Spain Week: Alejandra Carles-Tolra: Where We Belong
When Alejandra Carles-Tolra was studying Sociology at the University of Barcelona, she realized that the way of approaching communities and groups was too rigid for her, she needed something else, a closer approach. As she already loved photography, she decided to bring a camera into the classroom. Since them she has been practicing visual sociology.
In her projects, different layers of content lie beyond the photography itself. Topics such as the sense of belonging, individual and group identity, community, sisterhood, relationships between the individual and society, are present in all her work. The groups that capture her attention are unconventional.
In her recent project, Where We Belong, we enter the universe of The Janeites as they call themselves, the people that have created the Jane Austen Pineapple Society whose members share their passion for the world of 19th British writer Jane Austen.
The Janeites are more than a group of friends having fun and dressing up in Regency Style. They have become a community of women from different generations that meet up, party together, and experience with freedom their femininity by making and wearing these dresses that make them feel beautiful and comfortable away from what society defines as beautiful.
As Alejandra says:
At first glance it may look as they are romanticizing a very patriarchal form of society, but in fact they are re-appropriating the things that they liked from that time period, even if it is for ten days.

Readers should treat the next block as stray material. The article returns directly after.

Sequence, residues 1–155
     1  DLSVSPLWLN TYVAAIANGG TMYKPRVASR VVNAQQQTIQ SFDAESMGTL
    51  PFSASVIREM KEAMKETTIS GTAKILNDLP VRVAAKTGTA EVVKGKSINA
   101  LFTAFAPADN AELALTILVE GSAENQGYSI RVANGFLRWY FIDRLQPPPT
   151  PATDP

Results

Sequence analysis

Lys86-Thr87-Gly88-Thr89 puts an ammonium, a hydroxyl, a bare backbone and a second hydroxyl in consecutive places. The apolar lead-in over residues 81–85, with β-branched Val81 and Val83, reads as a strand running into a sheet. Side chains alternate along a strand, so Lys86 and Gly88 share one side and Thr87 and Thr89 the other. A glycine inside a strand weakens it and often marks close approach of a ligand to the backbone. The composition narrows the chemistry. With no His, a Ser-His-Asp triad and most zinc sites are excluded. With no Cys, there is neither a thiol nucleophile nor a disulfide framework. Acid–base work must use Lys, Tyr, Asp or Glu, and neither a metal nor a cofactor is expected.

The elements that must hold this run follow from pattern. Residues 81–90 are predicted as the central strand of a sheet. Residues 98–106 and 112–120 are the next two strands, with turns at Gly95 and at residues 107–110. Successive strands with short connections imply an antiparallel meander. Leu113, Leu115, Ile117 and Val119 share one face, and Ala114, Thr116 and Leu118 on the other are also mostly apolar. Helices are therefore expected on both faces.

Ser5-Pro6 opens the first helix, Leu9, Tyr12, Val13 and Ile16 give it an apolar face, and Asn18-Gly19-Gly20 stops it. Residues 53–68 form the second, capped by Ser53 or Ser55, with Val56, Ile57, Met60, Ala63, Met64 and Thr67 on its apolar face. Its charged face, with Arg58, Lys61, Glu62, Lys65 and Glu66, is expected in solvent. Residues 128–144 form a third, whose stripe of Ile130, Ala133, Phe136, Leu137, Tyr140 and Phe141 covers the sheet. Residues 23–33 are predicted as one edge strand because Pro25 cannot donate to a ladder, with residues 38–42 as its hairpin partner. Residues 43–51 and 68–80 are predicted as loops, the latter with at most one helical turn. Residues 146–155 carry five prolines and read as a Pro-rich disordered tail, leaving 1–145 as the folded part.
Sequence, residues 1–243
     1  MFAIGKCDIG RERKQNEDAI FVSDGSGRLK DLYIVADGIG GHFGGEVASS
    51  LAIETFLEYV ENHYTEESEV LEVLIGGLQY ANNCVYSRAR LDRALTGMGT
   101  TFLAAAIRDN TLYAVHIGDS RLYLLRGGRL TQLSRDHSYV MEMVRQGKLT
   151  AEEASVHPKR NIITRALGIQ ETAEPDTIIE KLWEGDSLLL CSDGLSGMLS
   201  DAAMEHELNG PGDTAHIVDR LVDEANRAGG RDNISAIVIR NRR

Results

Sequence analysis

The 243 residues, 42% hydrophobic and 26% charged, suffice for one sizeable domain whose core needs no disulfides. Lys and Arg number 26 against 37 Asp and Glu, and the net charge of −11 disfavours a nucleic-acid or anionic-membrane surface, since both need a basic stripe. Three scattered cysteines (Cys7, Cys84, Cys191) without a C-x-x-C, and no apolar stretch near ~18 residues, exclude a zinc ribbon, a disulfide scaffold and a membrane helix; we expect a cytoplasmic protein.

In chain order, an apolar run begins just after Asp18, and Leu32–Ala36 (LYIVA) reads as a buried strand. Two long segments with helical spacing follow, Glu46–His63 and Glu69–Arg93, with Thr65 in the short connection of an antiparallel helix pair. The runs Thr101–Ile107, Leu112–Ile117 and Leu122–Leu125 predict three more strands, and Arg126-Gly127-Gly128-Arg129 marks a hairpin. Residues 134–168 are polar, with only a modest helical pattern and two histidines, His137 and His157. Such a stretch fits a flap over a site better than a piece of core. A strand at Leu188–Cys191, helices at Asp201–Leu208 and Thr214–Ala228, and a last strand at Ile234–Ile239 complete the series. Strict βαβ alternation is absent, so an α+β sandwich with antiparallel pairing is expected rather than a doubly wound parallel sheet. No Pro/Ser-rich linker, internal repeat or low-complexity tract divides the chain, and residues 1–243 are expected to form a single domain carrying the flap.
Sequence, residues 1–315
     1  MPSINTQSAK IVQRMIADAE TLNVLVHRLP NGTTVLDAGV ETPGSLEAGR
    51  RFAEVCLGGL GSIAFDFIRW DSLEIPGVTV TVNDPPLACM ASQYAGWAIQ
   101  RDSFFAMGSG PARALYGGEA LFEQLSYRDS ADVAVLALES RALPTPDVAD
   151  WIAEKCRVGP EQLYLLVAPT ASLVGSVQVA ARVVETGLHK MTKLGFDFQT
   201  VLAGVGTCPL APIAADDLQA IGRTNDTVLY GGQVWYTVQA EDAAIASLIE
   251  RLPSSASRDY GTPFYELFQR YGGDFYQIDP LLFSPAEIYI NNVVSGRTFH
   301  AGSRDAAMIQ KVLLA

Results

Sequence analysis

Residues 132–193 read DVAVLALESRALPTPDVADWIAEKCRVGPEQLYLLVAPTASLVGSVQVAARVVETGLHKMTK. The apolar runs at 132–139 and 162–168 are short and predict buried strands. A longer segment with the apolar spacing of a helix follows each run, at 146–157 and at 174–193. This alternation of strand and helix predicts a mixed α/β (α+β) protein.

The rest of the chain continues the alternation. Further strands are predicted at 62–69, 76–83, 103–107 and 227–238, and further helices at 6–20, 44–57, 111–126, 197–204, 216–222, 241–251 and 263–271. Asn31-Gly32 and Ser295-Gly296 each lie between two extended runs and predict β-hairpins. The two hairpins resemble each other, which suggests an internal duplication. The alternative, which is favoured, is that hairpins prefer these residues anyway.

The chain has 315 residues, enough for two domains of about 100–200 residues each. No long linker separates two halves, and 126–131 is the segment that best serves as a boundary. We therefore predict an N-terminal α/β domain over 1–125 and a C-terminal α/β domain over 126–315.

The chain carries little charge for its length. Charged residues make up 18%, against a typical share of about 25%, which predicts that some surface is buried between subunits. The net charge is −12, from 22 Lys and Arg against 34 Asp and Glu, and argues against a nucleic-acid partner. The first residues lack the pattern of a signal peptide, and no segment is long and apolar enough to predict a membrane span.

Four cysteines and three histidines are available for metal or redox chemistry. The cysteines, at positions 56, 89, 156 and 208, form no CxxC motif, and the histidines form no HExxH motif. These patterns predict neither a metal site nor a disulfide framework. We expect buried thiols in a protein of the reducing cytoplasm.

Where We Belong
‘Where We Belong’ is a body of work exploring themes of belonging, femininity and escapism through a portrayal of Jane Austen devotees. The ‘Jane Austen Pineapple Appreciation Society’ is a group of people who share a strong passion for the 19th century English author. The society’s members, who define themselves as Janeites , have created a community of like-minded people with whom to celebrate the work of the writer. Since its creation over two years ago, the society has built a solid network of support and sisterhood that has created strong bonds among its members.
Through my work, I explore how the sense of safety and belonging that specific groups might offer can empower individuals and strengthen their own identity. In my photographs, I use physical and psychological closeness to represent the intense relationships fostered within these communities and to depict the existential need to belong. I am also interested in examining the threshold between fiction and nonfiction, between past and present. My goal is to invite the viewer to question where the performance starts and ends, and to challenge where the limits between reality and imagination lie.